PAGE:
In cold weather, your commercial building is subject to heat loss, frozen pipes, high energy bills, and other challenges that could put your equipment at risk and create uncomfortable conditions for your tenants, employees, and visitors. Without appropriate heating during the winter months, you could face costly repairs, as well.
Preventative maintenance is essential to keep your HVAC system in working order all year around. Here are a few other tips to help you keep your commercial facility warm this winter:
Check Your Windows
So much heat loss can be mitigated by ensuring your doors and windows are properly sealed. If you have an older commercial building, it may be time to replace the windows with double- or triple-pane glass with a low U-factor.
Use a Programmable Thermostat
By setting your thermostat to maintain a warmer space when people are present and a cooler space when your business is closed, you can save a lot on your energy bills over the winter months. The programmable wall thermostats from Modine and other leading manufacturers are designed to be easy to install and use. To ensure the temperature settings can't be accidentally altered or intentionally tampered with, many companies offer tamper-resistant programmable thermostats or thermostat covers, like this Sterling thermostat enclosure with a hinged access door and locking cover for use on the Sterling series RSS and RSU thermostats.
You should have a set minimum for your temperature, too. If the temperature drops too low, your heating systems have to work a lot harder to bring it back up to a comfortable level, which requires more energy and leads to higher energy bills.
Protect Your Pipes
Keep your building at a minimum low temperature of 55 degrees, and consider additional freeze protection like commercial heat trace cables. With frozen pipes, you may not have ample running water for your facility, and it increases the chances of a ruptured pipe. If a pipe bursts, not only do you need to repair the pipe, you also may need to repair any associated water damage.
Consider Supplemental Heating
Instead of running the whole system on high in an attempt to make hard-to-heat spaces more comfortable, consider adding efficient supplemental heating. Beacon Morris Twin-Flo III kickspace heaters are common in bathrooms, lobbies, hallways, and laundry rooms as a space-saving heat source.
While Re-Verber-Ray patio heaters are typically thought of as an outdoor heating solution that allows restaurants to extend their patio season, the company also makes infrared heaters that are rated for indoor use. The Re-Verber-Ray DSS-35B1-C25 Electric Infrared Heater, for example, is ETL Listed and CE Certified for indoor and outdoor applications. Radiant heating is a great way to ensure the room is evenly heated, without any cold spots.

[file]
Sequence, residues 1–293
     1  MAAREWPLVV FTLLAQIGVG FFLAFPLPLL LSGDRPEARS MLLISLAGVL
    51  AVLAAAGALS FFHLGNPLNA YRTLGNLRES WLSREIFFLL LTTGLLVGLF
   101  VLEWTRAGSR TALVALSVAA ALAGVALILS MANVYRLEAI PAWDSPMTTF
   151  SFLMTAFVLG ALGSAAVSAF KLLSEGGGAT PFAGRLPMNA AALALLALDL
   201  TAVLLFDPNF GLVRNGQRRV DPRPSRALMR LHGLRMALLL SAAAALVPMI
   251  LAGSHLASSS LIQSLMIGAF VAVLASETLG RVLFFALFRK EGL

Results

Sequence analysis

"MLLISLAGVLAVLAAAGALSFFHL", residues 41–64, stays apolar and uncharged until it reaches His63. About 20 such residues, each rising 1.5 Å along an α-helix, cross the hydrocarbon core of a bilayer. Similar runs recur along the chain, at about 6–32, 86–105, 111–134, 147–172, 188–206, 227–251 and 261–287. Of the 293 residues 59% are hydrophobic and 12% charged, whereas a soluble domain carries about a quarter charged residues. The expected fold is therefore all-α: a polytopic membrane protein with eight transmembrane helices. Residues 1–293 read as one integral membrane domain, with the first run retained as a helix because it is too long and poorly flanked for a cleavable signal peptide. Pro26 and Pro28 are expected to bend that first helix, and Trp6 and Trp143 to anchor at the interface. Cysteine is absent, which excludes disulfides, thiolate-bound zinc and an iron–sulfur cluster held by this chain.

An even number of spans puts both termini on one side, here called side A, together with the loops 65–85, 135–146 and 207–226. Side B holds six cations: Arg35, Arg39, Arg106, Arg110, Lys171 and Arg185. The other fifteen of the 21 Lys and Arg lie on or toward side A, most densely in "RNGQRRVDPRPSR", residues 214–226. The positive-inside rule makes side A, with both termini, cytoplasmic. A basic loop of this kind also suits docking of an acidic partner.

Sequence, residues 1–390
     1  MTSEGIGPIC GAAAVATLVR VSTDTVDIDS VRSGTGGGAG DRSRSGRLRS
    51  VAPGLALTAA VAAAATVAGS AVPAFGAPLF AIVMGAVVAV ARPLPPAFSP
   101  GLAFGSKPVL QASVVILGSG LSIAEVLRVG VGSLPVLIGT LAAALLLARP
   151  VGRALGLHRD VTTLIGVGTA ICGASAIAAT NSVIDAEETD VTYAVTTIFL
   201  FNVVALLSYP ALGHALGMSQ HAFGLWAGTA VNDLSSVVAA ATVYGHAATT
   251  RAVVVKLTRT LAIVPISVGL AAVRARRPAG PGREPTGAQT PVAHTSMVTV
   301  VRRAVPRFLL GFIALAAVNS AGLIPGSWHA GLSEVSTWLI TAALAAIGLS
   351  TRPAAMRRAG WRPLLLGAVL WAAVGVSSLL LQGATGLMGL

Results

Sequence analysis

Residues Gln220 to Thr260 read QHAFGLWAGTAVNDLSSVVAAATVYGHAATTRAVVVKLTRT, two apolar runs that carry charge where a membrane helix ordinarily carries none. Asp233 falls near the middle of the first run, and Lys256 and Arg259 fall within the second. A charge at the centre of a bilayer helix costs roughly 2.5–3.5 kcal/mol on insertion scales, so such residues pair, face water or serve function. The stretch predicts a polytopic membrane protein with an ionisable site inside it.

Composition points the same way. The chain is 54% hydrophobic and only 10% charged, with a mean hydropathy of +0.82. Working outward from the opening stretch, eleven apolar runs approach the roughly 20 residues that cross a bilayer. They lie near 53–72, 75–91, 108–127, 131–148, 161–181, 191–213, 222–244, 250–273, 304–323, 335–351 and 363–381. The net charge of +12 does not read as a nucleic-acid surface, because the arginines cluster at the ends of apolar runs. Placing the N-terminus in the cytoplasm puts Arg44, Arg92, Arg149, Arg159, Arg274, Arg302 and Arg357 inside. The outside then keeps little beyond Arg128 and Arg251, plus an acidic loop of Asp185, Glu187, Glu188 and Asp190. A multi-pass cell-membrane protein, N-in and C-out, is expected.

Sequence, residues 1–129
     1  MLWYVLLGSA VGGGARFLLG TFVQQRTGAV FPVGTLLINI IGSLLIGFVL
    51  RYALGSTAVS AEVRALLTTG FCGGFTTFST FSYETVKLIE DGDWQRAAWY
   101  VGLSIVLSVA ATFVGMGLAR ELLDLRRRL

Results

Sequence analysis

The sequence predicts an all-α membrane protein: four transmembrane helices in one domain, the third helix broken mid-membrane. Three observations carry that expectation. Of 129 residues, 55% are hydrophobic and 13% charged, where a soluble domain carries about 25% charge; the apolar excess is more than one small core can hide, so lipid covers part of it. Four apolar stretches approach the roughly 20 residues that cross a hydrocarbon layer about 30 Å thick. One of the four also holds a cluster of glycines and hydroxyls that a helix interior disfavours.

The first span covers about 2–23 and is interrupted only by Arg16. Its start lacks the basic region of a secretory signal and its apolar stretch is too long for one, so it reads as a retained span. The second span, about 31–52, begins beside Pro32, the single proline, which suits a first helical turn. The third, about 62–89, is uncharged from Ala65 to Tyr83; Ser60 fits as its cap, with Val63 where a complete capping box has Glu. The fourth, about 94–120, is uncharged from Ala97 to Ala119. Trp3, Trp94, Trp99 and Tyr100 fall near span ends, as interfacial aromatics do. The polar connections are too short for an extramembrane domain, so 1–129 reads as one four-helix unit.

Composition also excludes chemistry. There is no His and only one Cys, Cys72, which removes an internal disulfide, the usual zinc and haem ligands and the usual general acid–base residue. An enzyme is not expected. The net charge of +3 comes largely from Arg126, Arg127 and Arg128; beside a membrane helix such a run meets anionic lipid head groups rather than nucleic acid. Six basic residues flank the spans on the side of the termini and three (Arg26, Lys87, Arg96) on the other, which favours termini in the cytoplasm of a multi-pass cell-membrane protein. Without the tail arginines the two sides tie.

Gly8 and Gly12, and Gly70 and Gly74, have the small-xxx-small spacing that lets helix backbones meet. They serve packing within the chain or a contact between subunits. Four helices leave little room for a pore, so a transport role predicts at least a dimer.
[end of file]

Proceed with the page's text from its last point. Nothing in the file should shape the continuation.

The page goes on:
Schedule Preventative Maintenance
If your heating system breaks down during cold weather, you may have to close your business and send your employees and customers home. Preventative maintenance is the best way to avoid problems—or catch small problems before they become big ones. Your maintenance program may include:
- Cleaning the HVAC system to remove dust and debris that could restrict air flow and force the system to work harder than it should
- Cleaning or replacing air filters
- Check and clean vents and drains
- Make sure the thermostat is working correctly
- Check coils, cords, electrical connections, switches, and more for wear or malfunction
- And more
HVAC preventative maintenance should be scheduled at least twice a year, in the spring and the fall, but you should refer to your manufacturer's guide to ensure a proper maintenance schedule for that particular system.
Heating your commercial building during the winter doesn't have to lead to higher energy bills. Take preventative maintenance and other steps now to ensure your HVAC system stays in working order throughout the winter months. Contact us to learn more about cost-effective, energy-efficient heating solutions from leading manufacturers like Re-Verber-Ray, Sterling, Modine, Beacon Morris, and more.